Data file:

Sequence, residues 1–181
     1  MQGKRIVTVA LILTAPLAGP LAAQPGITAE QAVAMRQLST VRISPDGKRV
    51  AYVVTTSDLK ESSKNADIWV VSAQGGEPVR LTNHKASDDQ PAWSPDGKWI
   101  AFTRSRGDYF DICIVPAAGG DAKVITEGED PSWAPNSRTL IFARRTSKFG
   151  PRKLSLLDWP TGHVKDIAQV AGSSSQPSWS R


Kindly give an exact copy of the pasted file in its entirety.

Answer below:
Sequence, residues 1–181
     1  MQGKRIVTVA LILTAPLAGP LAAQPGITAE QAVAMRQLST VRISPDGKRV
    51  AYVVTTSDLK ESSKNADIWV VSAQGGEPVR LTNHKASDDQ PAWSPDGKWI
   101  AFTRSRGDYF DICIVPAAGG DAKVITEGED PSWAPNSRTL IFARRTSKFG
   151  PRKLSLLDWP TGHVKDIAQV AGSSSQPSWS R